Career advice

Follow our path to a career in nursing research

Working as a nurse researcher can be personally and professionally rewarding, according to two children's nurses who have done it

Undertaking robust research and basing practice on the best available evidence is everyone’s responsibility. But career pathways that combine research, clinical practice and teaching are limited, and nurses often have to choose between working primarily in a clinical or an academic setting.

Unlike medicine, in nursing there are few clinical professors with joint practice and university appointments. This can be a challenge for aspiring nurse researchers; in healthcare settings there is a lack of support for nurses developing their own research programmes, and in higher education institutions a lack of opportunity to remain active in practice.

Picture credit: Getty Images
Picture credit: Getty Images

Nurses can develop a career in research via the clinical research nurse role, or as part of clinical research networks or funded projects. Other options include undertaking a master’s degree in philosophy or clinical research, or a PhD.

The latter allows nurses to develop their research skills through training, and explore an area of practice in depth. It may also enable a career as a lecturer/researcher, using practice and research skills to support undergraduate and post-graduate nurses as they develop research knowledge that will then underpin practice.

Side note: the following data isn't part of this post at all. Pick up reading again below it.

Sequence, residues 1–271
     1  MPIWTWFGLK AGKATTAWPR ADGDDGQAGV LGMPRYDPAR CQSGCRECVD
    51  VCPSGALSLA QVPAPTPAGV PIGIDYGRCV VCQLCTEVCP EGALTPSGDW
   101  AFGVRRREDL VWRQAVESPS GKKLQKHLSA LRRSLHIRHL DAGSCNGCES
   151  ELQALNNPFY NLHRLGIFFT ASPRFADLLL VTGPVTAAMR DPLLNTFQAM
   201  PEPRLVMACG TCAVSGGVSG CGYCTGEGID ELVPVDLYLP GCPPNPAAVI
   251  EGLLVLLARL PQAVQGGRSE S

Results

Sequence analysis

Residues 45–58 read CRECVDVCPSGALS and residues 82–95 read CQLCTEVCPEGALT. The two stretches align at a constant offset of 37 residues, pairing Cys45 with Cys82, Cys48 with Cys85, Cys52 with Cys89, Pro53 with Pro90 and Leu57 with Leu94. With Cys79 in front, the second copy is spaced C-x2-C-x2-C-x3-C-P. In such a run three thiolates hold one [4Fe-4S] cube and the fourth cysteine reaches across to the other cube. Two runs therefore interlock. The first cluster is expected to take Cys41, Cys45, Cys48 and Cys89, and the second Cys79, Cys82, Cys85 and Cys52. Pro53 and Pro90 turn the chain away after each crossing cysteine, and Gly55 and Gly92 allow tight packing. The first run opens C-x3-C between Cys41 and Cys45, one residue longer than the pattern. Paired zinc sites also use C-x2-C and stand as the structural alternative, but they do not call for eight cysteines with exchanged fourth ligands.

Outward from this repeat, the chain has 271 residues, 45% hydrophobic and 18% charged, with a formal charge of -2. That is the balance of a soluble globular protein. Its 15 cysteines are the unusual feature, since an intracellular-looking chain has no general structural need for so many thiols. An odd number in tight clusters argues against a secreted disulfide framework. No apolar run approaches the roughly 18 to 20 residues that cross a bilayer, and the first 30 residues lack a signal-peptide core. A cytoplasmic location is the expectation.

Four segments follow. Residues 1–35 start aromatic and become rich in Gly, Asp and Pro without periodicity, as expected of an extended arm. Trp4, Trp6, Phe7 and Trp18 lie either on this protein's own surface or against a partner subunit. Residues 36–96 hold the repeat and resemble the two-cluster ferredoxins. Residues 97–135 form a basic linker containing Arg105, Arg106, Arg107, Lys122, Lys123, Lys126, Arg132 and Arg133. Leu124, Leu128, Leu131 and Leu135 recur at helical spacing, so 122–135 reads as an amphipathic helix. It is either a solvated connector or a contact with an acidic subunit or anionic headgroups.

We need effective links between academia and practice to ensure we maintain and develop these pathways to research, and its role in nursing.

Over the past 20 years, we have seen a huge growth in published research exploring the perspectives of health care among children and young people (CYP) and their families.

Much of this research is being undertaken, promoted and adopted by children’s nurses. But it is not without its challenges.

This work often explores issues using qualitative research, and increasingly multiple or mixed research methods, which are particularly useful in developing complex interventions aimed at improving practice.

However, in a healthcare environment under increasing economic pressures, the impact and effectiveness of these interventions must be demonstrated, including how they make a difference clinically and their impact on patient outcomes.

For any children’s nurse considering research as a career, building effective networks is a great place to begin. Start by finding out who is undertaking research with CYP and their families in your local area and join existing networks and forums.

The RCN Research in Child Health (RiCH) Community is a network for all children’s nurses across the UK who are interested in or keen to share research activity and enhance the evidence-based practice in their field.

This network supports practitioners to develop their research ideas and publish findings. It holds networking events, its members regularly contribute articles to sister journal Nursing Children and Young People (NCYP), and it runs an annual £1,500 research award with NCYP. Members are passionate about research, and improving care for CYP and their families.

Although undertaking research is challenging, it is also immensely rewarding, personally and professionally.

For some pointers on how to develop and undertake a research study using qualitative methods, see tinyurl.com/researchstudytips

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